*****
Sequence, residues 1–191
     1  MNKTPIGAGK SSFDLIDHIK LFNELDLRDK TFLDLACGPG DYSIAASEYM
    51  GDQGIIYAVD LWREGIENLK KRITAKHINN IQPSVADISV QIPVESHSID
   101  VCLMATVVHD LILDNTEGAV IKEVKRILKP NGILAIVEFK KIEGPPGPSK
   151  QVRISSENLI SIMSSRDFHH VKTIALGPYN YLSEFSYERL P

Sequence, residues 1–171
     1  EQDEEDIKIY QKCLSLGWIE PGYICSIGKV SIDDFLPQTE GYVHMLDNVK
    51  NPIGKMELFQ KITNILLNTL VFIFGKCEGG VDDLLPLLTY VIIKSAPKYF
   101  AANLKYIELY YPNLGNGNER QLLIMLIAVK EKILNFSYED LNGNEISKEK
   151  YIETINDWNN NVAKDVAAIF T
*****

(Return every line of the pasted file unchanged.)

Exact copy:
Sequence, residues 1–191
     1  MNKTPIGAGK SSFDLIDHIK LFNELDLRDK TFLDLACGPG DYSIAASEYM
    51  GDQGIIYAVD LWREGIENLK KRITAKHINN IQPSVADISV QIPVESHSID
   101  VCLMATVVHD LILDNTEGAV IKEVKRILKP NGILAIVEFK KIEGPPGPSK
   151  QVRISSENLI SIMSSRDFHH VKTIALGPYN YLSEFSYERL P

Sequence, residues 1–171
     1  EQDEEDIKIY QKCLSLGWIE PGYICSIGKV SIDDFLPQTE GYVHMLDNVK
    51  NPIGKMELFQ KITNILLNTL VFIFGKCEGG VDDLLPLLTY VIIKSAPKYF
   101  AANLKYIELY YPNLGNGNER QLLIMLIAVK EKILNFSYED LNGNEISKEK
   151  YIETINDWNN NVAKDVAAIF T